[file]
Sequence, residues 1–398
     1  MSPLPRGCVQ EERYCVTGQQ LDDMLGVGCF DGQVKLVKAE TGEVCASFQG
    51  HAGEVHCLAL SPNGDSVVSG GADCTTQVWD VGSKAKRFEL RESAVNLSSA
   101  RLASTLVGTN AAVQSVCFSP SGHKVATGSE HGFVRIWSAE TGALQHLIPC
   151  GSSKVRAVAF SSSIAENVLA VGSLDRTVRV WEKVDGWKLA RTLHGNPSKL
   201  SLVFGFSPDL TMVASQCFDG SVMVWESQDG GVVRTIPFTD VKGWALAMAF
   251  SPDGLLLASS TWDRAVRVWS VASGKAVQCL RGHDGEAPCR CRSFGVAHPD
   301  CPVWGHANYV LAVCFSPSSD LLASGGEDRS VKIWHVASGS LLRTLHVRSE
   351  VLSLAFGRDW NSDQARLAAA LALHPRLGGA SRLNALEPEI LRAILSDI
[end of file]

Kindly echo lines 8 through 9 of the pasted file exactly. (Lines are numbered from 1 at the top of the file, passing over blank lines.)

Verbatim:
   301  CPVWGHANYV LAVCFSPSSD LLASGGEDRS VKIWHVASGS LLRTLHVRSE
   351  VLSLAFGRDW NSDQARLAAA LALHPRLGGA SRLNALEPEI LRAILSDI